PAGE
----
Mary Dickson Diaz

Code, Life, Learning

Tag: textbook

chris pine appreciation post

I’ve been quiet about my first couple weeks of Ruby class, but not because of anything having to do with the class itself. It’s been hot in Seattle: the inside thermostat has been regularly clocking in at 90, and the last thing I want touching me is a laptop. Or a cat. Or any item of fabric. I’ve also been sidelined by a nasty cold.

I am going to class and doing my homework though, because, priorities.

We’re using Chris Pine’s Learn to Program book, and I really like it. It’s a great teaching companion. For one, the book has great examples and challenge problems — they’re fun, whimsical, not too easy or difficult, and reinforce key ideas from the chapters. What’s more, they’re the type of programing challenges that a more advanced student could take and build on (make it better, make it live on the web, etc).

But the BIG thing he does and why this is a Chris Pine appreciation post is how he handles recursive programing.

In many programing classes, recursion is treated as A Big Deal and sometimes the instructor will make you go back and solve problems you already solved, but recursively this time. You’ll probably have to do a factorial. Through the course of trying to understand how a program can call itself, you may or may not get stuck in a brain loop that ends in expletives and alcohol.

But not Chris Pine.

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state of the code

this kid has A Plan

this kid has A Plan

(cross-posted with The Plan)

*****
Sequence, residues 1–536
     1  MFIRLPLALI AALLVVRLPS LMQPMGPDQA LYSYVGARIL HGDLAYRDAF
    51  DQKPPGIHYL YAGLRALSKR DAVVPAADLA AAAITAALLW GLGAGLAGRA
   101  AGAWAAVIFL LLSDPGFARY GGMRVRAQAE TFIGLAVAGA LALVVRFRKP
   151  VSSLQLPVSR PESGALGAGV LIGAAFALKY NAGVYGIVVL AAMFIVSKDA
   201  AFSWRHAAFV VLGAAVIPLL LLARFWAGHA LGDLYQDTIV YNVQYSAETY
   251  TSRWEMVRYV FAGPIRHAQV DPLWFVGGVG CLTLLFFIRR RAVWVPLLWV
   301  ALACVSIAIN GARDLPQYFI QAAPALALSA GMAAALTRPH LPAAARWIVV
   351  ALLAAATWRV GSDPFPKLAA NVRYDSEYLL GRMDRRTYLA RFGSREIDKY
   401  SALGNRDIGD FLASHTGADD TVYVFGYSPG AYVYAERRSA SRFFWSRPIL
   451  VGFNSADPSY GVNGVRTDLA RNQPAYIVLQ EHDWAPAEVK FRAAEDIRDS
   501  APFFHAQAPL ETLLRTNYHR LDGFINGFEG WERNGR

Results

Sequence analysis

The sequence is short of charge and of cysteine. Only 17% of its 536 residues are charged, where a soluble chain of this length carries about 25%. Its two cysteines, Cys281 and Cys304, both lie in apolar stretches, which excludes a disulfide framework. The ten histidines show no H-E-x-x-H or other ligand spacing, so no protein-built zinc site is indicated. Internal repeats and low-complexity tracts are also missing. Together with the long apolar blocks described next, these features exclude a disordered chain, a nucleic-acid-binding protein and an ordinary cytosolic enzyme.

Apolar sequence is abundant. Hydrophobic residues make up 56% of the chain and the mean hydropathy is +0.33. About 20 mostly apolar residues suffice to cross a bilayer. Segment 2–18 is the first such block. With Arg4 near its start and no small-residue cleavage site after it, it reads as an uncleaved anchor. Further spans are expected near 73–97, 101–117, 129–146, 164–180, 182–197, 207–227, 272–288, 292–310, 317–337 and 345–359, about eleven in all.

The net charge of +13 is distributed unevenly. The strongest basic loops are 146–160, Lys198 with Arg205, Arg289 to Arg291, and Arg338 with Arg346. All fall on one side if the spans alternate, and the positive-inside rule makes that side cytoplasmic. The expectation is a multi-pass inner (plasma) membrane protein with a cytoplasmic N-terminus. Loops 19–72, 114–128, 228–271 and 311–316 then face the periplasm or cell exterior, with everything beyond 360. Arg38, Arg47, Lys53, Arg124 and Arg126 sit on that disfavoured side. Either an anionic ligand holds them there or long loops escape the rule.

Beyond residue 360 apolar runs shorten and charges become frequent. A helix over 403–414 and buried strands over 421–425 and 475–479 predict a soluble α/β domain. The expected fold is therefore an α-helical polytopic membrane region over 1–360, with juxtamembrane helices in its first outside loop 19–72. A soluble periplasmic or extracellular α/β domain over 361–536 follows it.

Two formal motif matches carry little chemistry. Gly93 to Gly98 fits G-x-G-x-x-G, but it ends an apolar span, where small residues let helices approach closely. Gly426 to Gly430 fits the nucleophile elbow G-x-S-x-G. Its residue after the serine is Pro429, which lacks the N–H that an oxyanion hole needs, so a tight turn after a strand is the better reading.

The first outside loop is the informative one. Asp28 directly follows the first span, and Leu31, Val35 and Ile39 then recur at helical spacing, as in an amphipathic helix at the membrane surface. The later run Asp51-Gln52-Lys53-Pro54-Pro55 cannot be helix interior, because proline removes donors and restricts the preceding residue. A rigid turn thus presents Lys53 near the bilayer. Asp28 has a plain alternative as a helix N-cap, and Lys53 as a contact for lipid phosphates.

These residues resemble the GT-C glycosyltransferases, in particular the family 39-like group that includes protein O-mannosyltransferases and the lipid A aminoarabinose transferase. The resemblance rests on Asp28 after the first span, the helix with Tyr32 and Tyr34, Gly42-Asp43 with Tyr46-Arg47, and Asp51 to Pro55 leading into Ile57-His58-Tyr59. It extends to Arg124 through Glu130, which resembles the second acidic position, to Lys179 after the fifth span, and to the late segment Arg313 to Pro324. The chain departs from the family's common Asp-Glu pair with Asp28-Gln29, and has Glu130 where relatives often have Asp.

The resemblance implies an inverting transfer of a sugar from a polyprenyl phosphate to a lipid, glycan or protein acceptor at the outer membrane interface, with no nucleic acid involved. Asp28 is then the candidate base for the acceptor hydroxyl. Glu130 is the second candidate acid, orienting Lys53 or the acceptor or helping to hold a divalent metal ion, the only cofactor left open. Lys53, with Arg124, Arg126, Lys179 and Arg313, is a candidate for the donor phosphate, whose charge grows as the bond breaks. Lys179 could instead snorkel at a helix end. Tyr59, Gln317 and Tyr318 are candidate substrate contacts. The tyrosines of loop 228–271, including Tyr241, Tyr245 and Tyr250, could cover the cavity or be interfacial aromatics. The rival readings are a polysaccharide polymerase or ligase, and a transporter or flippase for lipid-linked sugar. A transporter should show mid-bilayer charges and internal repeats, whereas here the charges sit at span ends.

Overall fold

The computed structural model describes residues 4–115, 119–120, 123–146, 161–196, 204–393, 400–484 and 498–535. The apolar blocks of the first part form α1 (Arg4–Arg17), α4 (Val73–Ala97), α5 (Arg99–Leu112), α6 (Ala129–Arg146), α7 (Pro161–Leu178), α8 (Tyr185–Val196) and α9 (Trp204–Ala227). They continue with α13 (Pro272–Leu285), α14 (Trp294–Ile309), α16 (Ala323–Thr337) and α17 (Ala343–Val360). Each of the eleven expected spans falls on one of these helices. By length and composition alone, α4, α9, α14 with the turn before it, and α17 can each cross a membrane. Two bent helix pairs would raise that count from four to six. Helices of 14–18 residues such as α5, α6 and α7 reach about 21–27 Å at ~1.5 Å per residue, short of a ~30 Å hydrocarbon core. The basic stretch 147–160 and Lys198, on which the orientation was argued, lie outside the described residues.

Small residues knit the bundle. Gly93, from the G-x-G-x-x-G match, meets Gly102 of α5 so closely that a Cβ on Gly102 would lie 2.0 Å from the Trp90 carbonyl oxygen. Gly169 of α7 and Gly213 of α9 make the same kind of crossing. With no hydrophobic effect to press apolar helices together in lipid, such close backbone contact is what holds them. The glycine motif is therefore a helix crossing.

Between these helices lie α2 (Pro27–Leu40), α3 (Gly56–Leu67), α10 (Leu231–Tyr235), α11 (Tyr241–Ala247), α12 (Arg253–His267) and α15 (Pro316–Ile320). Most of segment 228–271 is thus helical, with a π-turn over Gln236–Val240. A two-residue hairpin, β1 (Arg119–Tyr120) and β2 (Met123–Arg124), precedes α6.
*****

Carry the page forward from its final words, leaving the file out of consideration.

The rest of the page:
In January 2015, I made a tentative 4 month schedule for what my code learning would look like, and for the most part I executed on it. Anything optional got shelved. Almost all the MOOCs got shelved (I did stick with the MIT one about 3/4ths of the way through). I went to one meet-up group meeting, once, which is ridiculous given the wealth of resources in our community and openness to sharing, but hey, this journey is about learning and I’ve learned I’m not a meet-up person.

Not surprisingly, in-person class commitments were key to moving forward and keeping me accountable, and I’ve had overall positive results with Code Fellows so far.

If I had to plan it again, here’s my do-over itinerary:

  1. First, get you a Mac, or get ready for a world of pain.
  2. Unless you’re planning to do the full-time bootcamp (in which case do everything you can the month before), take a night class with Code Fellows ($500 for foundations I or $1,500 for foundations II if you already have some code experience and want to prep for an accelerator).